Write Like Nobody is Reading

“That's the secret of good writing.”

That is what I heard this morning, in the midst of an insomnia episode, watching “Luckiest Girl Alive”. It really stuck with me, to the point where I wanted to put it immediately to the test.

“Write Like Nobody is Reading — That’s the secret of good writing.”

Much like the main character of that film, I went to a school that was not befitting of my financial situation. In all honesty it would have done my family much short-term financial good to just send me to public school. The myriad of social reasons kept me in its counterpart — private school. From the “what will people think” to “you belong in this world” (even if we can't compete with that world) mentality got me into some very prestigious situations.

While always a rebel at my core, I developed the concept of respect at a very early age. And after getting in a couple of school fights and embarrassing my mother once or twice with my filthy mouth and bad attitude… I realized that I simply couldn’t do that to her. She sacrificed too much and was too sweet of a person for me to bring additional shame to her life.

So I was a good girl by the time I reached middle school. I did bad teenager things, but only when nobody was watching. And to this day almost nobody knows how I learned incredibly hard lessons in life. With silence, good behavior, and discipline I became the pride and joy of my family.

But that always comes at a cost.

The cost of not being able to be yourself for the majority of the time you are interacting with others. It's suffocating and all consuming and after years of practice you lose yourself. Watching the movie aforementioned really made me wonder…. Is this a human experience, or a female experience? After little thought I concluded it's a universal experience. Everybody is a victim to expectations. Willing to wager that even galaxies far, far away have similar issues.

And that fact alone… the fact that we live our lives under the watchful eye of other’s expectations (sometimes crafted out of unfounded assumptions and self-criticism) is, to put it bluntly, pathetic. Everything in my life has been suffering tremendously for my lack of authenticity with myself.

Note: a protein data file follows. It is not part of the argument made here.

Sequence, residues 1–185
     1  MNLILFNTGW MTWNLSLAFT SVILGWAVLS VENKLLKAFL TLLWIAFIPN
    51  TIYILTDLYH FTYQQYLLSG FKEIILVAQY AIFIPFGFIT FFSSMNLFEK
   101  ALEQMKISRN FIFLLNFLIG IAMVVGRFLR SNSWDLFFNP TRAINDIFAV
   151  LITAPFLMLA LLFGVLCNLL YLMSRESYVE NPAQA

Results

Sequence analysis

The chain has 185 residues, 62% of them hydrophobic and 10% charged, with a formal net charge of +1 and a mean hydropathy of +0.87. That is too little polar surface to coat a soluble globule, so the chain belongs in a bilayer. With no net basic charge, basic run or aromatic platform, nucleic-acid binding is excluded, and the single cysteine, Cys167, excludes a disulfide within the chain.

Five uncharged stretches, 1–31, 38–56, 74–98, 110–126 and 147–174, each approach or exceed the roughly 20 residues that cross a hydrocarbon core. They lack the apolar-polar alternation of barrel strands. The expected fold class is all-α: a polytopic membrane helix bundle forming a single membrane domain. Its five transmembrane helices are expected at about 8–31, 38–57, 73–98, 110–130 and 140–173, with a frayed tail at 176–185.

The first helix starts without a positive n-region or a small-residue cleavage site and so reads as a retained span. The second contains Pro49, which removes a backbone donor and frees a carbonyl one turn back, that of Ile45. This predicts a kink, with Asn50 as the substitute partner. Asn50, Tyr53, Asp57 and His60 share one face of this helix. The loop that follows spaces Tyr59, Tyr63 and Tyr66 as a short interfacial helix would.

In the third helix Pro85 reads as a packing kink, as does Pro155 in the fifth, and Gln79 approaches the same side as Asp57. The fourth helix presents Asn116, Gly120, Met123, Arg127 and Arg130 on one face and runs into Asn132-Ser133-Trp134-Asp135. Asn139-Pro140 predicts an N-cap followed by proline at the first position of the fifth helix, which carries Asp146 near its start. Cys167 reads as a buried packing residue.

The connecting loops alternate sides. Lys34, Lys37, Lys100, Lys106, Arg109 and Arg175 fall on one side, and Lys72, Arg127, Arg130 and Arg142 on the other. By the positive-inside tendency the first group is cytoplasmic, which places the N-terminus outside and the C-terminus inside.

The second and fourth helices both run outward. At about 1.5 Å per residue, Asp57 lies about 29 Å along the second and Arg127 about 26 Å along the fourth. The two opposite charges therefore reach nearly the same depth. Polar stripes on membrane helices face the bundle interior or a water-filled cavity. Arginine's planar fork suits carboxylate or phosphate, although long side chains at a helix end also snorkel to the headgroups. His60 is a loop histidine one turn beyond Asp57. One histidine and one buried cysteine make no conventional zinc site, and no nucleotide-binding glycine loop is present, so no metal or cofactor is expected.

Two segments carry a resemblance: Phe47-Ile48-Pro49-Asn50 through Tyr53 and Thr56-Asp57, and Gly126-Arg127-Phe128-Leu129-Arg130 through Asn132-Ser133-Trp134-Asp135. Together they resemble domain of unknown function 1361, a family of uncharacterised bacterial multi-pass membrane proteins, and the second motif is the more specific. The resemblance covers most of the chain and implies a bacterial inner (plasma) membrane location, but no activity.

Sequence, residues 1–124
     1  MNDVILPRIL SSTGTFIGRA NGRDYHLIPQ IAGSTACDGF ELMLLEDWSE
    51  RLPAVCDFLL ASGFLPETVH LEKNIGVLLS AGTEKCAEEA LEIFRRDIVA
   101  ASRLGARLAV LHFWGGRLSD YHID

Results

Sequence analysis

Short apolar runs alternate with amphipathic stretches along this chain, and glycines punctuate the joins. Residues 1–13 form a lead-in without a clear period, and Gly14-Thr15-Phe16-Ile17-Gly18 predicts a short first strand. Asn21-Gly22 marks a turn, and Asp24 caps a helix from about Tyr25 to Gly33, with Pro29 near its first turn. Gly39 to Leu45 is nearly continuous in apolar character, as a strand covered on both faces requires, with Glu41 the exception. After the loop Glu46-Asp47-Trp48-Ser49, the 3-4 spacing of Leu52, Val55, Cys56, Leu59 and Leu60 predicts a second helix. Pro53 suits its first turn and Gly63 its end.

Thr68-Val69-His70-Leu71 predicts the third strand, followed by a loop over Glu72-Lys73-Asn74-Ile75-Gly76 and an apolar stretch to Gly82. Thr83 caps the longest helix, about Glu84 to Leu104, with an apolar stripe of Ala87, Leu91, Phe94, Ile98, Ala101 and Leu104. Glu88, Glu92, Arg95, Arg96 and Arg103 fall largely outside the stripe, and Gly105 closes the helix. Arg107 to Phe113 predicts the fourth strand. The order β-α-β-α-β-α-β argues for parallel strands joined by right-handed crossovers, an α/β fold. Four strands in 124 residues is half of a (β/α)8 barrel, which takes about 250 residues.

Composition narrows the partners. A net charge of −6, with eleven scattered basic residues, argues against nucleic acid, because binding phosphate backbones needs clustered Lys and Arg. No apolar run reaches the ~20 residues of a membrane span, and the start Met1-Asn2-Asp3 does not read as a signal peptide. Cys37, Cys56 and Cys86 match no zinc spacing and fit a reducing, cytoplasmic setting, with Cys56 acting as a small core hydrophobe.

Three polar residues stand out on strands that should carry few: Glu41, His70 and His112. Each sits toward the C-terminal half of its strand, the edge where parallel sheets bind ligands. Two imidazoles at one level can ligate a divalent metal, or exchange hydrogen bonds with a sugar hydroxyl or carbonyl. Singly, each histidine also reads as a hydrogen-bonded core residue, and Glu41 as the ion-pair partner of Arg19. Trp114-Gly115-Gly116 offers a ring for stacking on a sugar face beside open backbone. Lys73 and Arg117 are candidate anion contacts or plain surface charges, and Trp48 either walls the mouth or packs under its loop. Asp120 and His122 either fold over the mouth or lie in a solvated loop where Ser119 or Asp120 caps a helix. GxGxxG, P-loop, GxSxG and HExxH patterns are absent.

Why are we so afraid of what other people think?
(Work, losing the life you build for yourself, disappointing your loved ones, endangering your loved ones… SHHHHH.)

Serendipitously enough — a couple of minutes after the movie was over my husband woke up and our usual morning meme/tiktok sesh brought up a TikTok of a guy asking the following:

“How are people so gratuitously happy?”
“Shit…” I told my self. “How indeed?”

Another dude duet him and said these simple words:
“Just don't give an f*ck”

Easier said than done, but at least for today, I found all the encouragement I needed. Today we don’t give a damn and write like nobody is reading.

One day I will die, and call me arrogant (and I might be biased), but I think it a real shame if nobody got to meet me.

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Architectural design practitioner on my way to licensure. In a quest to find my voice in a noisy world.

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Andrea Arias

Architectural design practitioner on my way to licensure. In a quest to find my voice in a noisy world.